Andy Garrett

Perhaps the slowest Zip build in Glen-L history...

FL-John
Posts: 13
Joined: Sat Mar 07, 2020 2:19 pm
Location: Tampa, FL

Re: Hello and boat selection

Post by FL-John »

Thanks again for all the feedback! After careful consideration I decided to go with my initial instinct and I am now the proud owner of a set of Barrelback 19 plans!!! Well, I will be when they show up in the mail.

Something about that boat has always appealed to me and looking at all of the creative and innovative things that people have done with these boats gave me confidence that I can make it suitable for my needs. I’m now considering stretching it or 20’ and modifying the cockpit layout a little. But I’m getting way ahead of myself.

I guess it’s time to transition this to a build thread, clean out the garage and get ready to make some sawdust!
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mrintense
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Location: Austin, Texas
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Re: Hello and boat selection

Post by mrintense »

Welcome to the forum John. The Barrelback is a beautiful boat. Interestingly enough, there seems to have been an uptick in the number of that design being built. Tight garage space seems to be the norm for most of us. From my own experience, one of the prime considerations is being able to step back and view along the fair lines as you progress in the build. So having the boat on a rolling frame will allow this. However, two considerations for the rolling frame.

First it needs to be sturdy because you are going to be putting quite a bit of various types of force against it.
Secondly, some way to lock it into position that is more reliable than simply locking the casters.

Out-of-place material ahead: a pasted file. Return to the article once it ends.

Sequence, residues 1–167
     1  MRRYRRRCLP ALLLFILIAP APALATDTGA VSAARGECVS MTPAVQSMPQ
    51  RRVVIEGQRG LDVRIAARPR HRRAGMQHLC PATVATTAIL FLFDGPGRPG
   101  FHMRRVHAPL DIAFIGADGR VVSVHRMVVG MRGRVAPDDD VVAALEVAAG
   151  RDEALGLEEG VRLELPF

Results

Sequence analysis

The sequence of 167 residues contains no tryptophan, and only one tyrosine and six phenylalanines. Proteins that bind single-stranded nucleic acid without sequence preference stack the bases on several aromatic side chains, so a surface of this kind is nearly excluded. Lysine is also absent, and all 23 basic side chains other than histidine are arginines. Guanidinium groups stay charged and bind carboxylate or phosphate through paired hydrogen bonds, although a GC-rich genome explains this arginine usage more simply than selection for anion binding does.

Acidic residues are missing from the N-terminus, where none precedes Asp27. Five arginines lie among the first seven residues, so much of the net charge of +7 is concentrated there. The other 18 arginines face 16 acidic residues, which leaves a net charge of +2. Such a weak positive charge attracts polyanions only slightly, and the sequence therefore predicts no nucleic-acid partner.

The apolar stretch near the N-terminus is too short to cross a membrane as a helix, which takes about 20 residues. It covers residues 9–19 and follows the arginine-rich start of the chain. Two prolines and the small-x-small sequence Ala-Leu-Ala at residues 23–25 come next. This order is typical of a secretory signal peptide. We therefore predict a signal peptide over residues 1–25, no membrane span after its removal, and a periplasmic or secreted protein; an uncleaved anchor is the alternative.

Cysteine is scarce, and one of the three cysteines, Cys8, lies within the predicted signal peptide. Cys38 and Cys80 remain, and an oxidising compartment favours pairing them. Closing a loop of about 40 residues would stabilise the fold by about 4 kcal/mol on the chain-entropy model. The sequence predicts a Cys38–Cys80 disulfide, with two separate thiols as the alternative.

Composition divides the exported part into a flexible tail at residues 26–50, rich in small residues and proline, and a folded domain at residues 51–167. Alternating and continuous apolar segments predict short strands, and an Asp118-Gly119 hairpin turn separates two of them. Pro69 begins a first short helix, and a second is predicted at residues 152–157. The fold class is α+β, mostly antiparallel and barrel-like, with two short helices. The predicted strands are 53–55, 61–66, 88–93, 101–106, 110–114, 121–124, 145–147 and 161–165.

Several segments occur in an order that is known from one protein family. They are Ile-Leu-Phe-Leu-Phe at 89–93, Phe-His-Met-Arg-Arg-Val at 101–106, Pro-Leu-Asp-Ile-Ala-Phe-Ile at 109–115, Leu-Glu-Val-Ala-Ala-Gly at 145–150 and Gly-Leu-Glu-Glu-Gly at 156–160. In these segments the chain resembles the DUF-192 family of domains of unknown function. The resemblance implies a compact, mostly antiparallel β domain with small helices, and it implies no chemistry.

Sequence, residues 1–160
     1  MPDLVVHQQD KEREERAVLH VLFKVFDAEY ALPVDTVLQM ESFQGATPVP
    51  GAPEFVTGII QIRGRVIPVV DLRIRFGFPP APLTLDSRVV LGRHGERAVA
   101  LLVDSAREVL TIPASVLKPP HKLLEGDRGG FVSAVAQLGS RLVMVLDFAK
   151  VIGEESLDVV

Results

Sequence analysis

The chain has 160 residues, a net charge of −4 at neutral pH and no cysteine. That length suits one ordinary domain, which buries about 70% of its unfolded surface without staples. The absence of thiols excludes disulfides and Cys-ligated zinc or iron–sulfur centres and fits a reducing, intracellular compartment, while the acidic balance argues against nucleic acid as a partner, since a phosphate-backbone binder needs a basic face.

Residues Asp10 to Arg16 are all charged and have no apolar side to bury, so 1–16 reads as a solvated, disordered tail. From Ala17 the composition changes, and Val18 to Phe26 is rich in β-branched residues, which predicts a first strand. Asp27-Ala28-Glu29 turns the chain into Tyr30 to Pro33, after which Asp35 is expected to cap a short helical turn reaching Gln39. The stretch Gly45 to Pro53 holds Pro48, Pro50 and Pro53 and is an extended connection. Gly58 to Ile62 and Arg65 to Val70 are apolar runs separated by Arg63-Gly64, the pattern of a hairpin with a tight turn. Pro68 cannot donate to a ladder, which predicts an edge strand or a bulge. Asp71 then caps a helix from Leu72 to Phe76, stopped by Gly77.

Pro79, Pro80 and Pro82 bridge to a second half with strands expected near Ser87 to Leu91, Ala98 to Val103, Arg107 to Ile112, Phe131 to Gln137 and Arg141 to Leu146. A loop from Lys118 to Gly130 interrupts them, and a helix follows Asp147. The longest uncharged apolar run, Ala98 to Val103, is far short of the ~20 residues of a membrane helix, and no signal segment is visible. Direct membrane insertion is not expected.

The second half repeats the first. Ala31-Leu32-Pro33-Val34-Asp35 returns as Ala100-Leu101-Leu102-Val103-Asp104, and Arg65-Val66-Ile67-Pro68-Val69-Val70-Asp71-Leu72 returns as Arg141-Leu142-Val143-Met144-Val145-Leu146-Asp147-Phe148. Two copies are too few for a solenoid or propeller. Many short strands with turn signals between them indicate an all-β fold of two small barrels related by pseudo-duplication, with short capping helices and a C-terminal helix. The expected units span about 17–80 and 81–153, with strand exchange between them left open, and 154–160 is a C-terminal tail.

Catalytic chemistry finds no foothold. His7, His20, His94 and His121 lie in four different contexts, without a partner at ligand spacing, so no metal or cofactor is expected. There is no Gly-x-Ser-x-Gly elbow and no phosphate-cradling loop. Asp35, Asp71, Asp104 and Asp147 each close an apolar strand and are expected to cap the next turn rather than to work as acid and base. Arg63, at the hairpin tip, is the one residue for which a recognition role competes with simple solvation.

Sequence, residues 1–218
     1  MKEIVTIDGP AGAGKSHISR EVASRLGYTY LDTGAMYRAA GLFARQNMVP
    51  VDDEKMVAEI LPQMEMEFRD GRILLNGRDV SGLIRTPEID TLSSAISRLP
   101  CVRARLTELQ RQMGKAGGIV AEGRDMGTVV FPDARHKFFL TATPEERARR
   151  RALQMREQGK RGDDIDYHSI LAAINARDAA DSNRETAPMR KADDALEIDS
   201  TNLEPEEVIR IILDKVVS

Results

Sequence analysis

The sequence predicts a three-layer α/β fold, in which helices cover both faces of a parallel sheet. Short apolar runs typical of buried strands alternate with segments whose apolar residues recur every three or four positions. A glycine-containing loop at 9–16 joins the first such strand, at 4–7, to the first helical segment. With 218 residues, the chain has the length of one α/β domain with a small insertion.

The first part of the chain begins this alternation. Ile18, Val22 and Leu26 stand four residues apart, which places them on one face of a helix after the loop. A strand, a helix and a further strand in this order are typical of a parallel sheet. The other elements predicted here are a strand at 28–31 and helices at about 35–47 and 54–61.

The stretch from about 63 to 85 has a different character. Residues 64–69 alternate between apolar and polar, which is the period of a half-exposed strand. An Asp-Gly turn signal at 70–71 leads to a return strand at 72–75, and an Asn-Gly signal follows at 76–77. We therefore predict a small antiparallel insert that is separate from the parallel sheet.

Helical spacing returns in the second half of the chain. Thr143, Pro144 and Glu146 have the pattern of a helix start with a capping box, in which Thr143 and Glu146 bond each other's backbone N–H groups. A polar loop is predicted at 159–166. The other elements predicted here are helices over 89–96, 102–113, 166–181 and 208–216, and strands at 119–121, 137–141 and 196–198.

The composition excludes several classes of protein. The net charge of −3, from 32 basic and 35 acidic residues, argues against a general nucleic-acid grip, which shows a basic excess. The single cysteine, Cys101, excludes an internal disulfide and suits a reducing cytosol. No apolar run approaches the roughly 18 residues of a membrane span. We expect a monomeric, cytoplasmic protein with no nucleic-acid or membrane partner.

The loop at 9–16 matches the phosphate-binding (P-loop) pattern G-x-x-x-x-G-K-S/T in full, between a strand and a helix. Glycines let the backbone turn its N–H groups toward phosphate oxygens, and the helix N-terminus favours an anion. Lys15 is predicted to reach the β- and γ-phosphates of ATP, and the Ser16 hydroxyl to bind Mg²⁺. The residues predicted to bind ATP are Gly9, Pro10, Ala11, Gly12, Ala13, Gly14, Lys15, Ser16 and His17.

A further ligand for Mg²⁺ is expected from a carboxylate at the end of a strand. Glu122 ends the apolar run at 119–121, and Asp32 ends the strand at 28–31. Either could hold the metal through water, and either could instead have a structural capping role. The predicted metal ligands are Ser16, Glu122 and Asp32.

As a secondary bit of advice. I suggest you purchase a larger canopy, say 10 foot. This won't cover the entire boat, but on those hot summer days, or when it's raining, you can cover the end of the boat you re working on and keep the remainder in the garage. That and some good fans have saved my bacon here in the hot Austin summer.
Carl

Crafting a classically styled Vera Cruise

Clipper Boating

FL-John
Posts: 13
Joined: Sat Mar 07, 2020 2:19 pm
Location: Tampa, FL

Re: Hello and boat selection

Post by FL-John »

I spent the day cleaning out the garage so the juxtaposition of adding a canopy to the things I need to store vs the things I’m giving away is a little funny at the moment.

As part of the garage purge I gave away today:

1. A Little 2000 watt generator to a nice enough guy
2. An old mig welder to a guy that works in a metal fab shop. He offered to build me a cut water and any other metal pieces I need for the boat. He also donated a 6 pack of beer.
3. An RC truck to a guy that is an insurance adjuster who has a buddy that has an industrial size spool of glass cloth that “they use to build boats” that he got from a damaged warehouse. Will see where that goes but he also donated a 6 pack.

I have 1/3 of the garage cleaned out. Any thing that doesn’t contribute to boat building is going. Both garbage cans are full and trash pick up isn’t for two days...I may be loading the truck up for a dump run tomorrow.

I’m getting more confident that I can fit a 20’ boat in there. The wife even came out and helped so I think I’m on the right track!

JimmY
Posts: 963
Joined: Sat Jul 30, 2016 11:08 am
Location: Brighton, MI

Re: Hello and boat selection

Post by JimmY »

If your wife is at least "tolerant" of your hobby, things will go much easier! Good luck, we'll be watching your progress. :D
-Jim
Nothing says poor craftsmanship like wrinkles in your duct tape!